What My Son Taught Me About Gender

Stepping up to the diversity conversation

Not a week goes by without an article weighing in on women in leadership. Why Some Teams Are Smarter Than Others”, “Women are Poised to Lead us to a Better Place”, “Gender Issues Won’t Go Away.” Progress is being made. Yet, we have miles to go before we achieve true gender diversity in the workplace.

Think about this – having more women at every level, particularly in leadership, means higher performance for them; for you; for your organization. Teams will be stronger. Products better.  Outcomes greater. Solutions more creative. Why? Because success and innovation require diverse perspectives. It is critically important to have people and points of view that differ from yours – and important to have them in roles where they can both be heard and can make a difference.

How do we achieve the potential that comes from more women at all levels including in the C-Suite and the boardroom? We need awareness, participation, and stepping up.  

Which brings me to my oldest son, Matt. From pre-school to high school, he has always pushed our boundaries and made us accept different styles. (He spent a fair amount of time in the principal’s office and has many tattoos.) Two years ago he graduated with a degree in women and gender studies. His passion for his work has educated our whole family. Now at our house, there is no use of ‘man up’. We never say ‘throws like a girl’. We talk of partners, not girlfriends. Our home has always been a place with a fair amount of balance and sharing of jobs and duties, but now there is heightened sensitivity to roles and equality. This amplified appreciation of gender issues has infiltrated many aspects of our lives – our conversations at home, relationships with friends, and interactions with colleagues – and has made all of us better for it.

Last year, my colleague, Kathy Wagner moderated a lively panel discussion of four talented and passionate women on balancing work-life issues and facing leadership challenges. The hall at the national conference was standing room only. Women shared their stories, frustrations, and strategies for success. Amazingly (at least to me) there were fewer than ten men in the room. Surely balance is an issue for us all.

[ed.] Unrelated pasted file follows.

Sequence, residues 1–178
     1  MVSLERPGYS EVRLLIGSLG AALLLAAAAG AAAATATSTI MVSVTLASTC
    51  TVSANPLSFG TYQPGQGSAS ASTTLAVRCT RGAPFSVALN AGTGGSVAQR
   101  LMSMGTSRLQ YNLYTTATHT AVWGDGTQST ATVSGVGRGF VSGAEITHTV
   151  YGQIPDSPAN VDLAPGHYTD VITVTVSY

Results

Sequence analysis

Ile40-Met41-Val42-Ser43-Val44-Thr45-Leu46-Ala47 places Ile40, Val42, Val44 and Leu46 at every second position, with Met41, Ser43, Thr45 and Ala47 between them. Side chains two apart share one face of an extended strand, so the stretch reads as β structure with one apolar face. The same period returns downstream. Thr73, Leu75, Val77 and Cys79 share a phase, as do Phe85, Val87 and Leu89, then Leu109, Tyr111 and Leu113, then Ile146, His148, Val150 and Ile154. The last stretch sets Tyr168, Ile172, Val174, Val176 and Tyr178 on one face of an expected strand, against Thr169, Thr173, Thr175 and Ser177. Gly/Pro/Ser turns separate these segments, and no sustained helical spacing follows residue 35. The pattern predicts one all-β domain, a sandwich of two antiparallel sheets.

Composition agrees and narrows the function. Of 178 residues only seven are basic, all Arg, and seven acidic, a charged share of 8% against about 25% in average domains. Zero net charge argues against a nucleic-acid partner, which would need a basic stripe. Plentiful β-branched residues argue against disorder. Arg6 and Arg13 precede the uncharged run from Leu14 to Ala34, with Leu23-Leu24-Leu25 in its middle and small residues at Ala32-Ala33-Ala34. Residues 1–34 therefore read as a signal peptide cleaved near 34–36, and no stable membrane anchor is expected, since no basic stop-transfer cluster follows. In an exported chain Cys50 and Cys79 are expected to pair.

I know righting gender imbalance is more than just a women’s issue. If there is going to be meaningful change, more men need to be in the room and be a part of the conversation. Progress requires participation. Men should be partners, not competitors. Collaborators, not critics. Awareness is a step. Listening and understanding is a start. But stepping up will make a difference. We can all – men and women – do something to make a change.

What will I be doing to foster change? Stepping up to encourage open dialogue, establishing forums to share stories and frustrations, offering opportunities for connections and creating environments for the exchange of ideas.  

What can you be doing? Actively promote greater diversity. Use language that values. Respect balance. Ensure equity in compensation. Encourage advancement. Build each other up. Make space for women…in the room, at the table, and in your leadership circles.

In a twist of roles, after sharing this story with Matt, he shared how proud and excited he was that I wrote such a piece. At 24, he’s determined to make a change. At 49, I share his belief that with meaningful dialogue the future holds great promise with executive suites and boardrooms that mirror those we are serving.